Where to Eat on Maui Now

Posted by Andrea M. Rotondo on August 05, 2013 at 8:57:32 AM EDT | Post a Comment

The flavors that dominate Hawaii's foodscape are incredibly varied—from Polynesian favorites like kalua pork to farm to table Molokai sweet potatoes to comfort foods like spam musubi (a slice of grilled Spam on top of a block of rice and wrapped with nori) to Asian specialties that run the gamut from spicy noodle dishes to sushi.

It's not hard to find an excellent meal on the island of Maui. Whether you're looking for haute cuisine, an authentic Polynesia meal, or simple fare sold from a roadside stand, you'll find plenty of options across the island. Don't go back to the mainland without making these foodie stops...

Star Noodle

star-noodle-stephanie-hua.jpg

We'll warn you. If you go to Star Noodle early on in your vacation, you'll want to go back for every meal. Their specialties—like yakitori, ahi belly, miso salmon, saimin, and Singapore noodles—are just next-level good. Located in the Lahaina Business Park, Star Noodle is a favorite with locals and tourists alike. And if you didn't make reservations, get there early (the restaurant opens at 10:30 am) to snag a table. Noodles are made in house and the bar offers sake flights, fruity specialty drinks (like a concoction of cranberry and yuzu, a citrus fruit from East Asia), and traditional cocktails. For dessert, sample Portuguese malasadas (donuts), mango pudding, or homemade ice cream.

Leoda's Kitchen and Pie Shop

leodas-pie-shop.jpg

Families and groups will feel especially welcome at Leoda's Kitchen and Pie Shop, which proffers a casual atmosphere. Order at the counter and then find a seat. The menu consists of delicious sandwiches (seared ahi tuna on grilled rye bread with avocado, caramelized Kula onion, jarlsberg cheese, and basil pesto), burgers served on potato rolls, hotdogs, savory handheld pies, and potpies. Side dishes are squarely on the comfort food end of the scale and include things like crisp French fries with garlic aioli, fried mac and cheese, and creamy scalloped potatoes. Interesting salads include the unusual fried salad of mixed greens, Brussels sprout leaves, celery leaves, radish, and mint tossed with a burnt orange vinaigrette. Even if you don't currently have room for dessert, order one of Leoda's delicious single-serving pies to go. Macnut choc praline, coconut cream, and yuzu-lemon tart are crowd favorites but there's also apple crumb, banana cream, berry, and pumpkin.

Braddah Hutts BBQ Grill

If you make the trek to Hana by way of the famous 68-mile-long Hana Highway with its narrow roads and 59 bridges (46 of which are hair raising one laners), you will be rewarded. Just head to Braddah Hutts BBQ Grill for lunch. This simple food truck with seating at picnic tables under a canopy offers amazing plate lunches like BBQ chicken and pork, short ribs, fish tacos, seared ahi tuna, and shrimp pasta. Sides are the ubiquitous scope of white rice and macaroni salad. This food truck does accept credit cards and is open from 11 am until the food runs out (usually before 2 pm).

Mama's Fish House

mamas-short-rib-hospidor.jpg

If you love seafood and fine dining in a beautiful beachside setting, don't miss Mama's Fish House. This establishment has been a favorite among locals for special occasions since it opened in 1963. The menu, which changes daily, features locally caught fish and seafood with appetizers like island prawns in a Taha'a vanilla sauce, wasabi-crusted calamari, a crispy mahi mahi roll, macadamia nut crab cakes, and ahi cheek with a soy-chili dipping sauce. (Meat lovers look no further than the beef Polynesian-style that's grilled in a ripe papaya.) There are a ton of main courses to choose from so be sure to order a mai tai while you mull over the options. Mama's offers a traditional Hawaiian platter that includes mahi mahi, Big Island wild boar kalua, octopus luau, and ahi poke with baked Hana banana, Molokai sweet potato, lomi-lomi, fresh poi, and Haiku lilikoi (passion fruit).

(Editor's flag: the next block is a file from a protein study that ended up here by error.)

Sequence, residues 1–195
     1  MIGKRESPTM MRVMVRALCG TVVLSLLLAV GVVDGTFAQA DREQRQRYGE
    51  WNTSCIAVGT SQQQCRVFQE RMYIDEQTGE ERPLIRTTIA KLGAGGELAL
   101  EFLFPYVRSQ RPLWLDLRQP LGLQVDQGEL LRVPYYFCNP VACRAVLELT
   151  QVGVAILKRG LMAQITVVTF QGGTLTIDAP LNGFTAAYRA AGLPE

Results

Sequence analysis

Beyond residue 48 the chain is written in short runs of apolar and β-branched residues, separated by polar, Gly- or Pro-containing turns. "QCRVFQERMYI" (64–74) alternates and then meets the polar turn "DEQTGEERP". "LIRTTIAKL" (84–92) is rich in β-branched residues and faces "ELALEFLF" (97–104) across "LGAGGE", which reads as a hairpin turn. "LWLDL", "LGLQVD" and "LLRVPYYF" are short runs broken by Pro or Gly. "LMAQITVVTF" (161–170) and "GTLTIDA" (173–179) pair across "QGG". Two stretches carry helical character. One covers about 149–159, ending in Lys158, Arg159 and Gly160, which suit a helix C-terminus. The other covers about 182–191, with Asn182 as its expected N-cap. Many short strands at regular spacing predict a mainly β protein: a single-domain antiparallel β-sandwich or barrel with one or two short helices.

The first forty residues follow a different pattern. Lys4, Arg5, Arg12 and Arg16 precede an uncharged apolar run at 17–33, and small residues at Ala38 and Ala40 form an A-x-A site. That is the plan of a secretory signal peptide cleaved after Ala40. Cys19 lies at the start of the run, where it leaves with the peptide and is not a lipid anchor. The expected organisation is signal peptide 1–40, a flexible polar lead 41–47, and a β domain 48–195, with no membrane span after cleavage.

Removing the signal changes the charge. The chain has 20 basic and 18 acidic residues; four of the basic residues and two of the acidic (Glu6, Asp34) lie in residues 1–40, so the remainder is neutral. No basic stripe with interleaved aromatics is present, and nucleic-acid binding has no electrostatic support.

Sam Sato's

Few tourists give this hole in the wall a shot, but that's their mistake. For an inexpensive, satisfying Hawaiian plate lunch or a Japanese meal, there's no better spot than Sam Sato's. This place is renowned for its dry noodles, BBQ beef sticks, spare ribs, and—for dessert—azuki bean manju pastry and turnovers filled with coconut, pineapple-peach, or blueberry. There can be a long wait for a table during lunchtime. It's a perfect spot for anyone visiting the nearby Iao Valley State Park, too. Just keep in mind that it's only open from 7 am-2 pm Monday–Saturday.

Roadside Huli Huli Chicken

huli-huli-chicken.jpg

Anyone visiting Maui should be on the lookout for huli huli chicken, often sold at the roadside near beach parking or along the Hana Highway. Local cooks take their grills out to the road and prepare this island favorite that was originally developed by Ernie Morgado of Pacific Poultry. The secret to the teriyaki chicken recipe, which is turned over a hot grill until cooked through—is the marinade consisting of ketchup, soy sauce, brown sugar, honey, sherry, sesame oil, ginger, garlic, Worchestershire sauce, chili paste, and lemon.

Andrea M. Rotondo is a freelance writer based in New York City. She covers cruise news and luxury travel trends for Fodors.com and writes for a variety of outlets, including her website Luxury Travel Mavens. Follow her on Twitter: @luxtravelmavens.

Photo credit: Star Noodle courtesy of Stephanie Hua; Mama's Fish House courtesy of Leonard Hospidor; Leoda's Kitchen and Pie Shop courtesy of Leoda's Kitchen and Pie Shop; Braddah Hutts courtesy of Daveynin/Flickr; Huli Huli Chicken courtesy of Arnold Gatilao/Flickr

More by , Fodor's Contributor

Posted in Restaurants Tagged: Maui, Hawaii, Food, Restaurants

Member Comments  Post a Comment

Be the first to comment!

Advertisement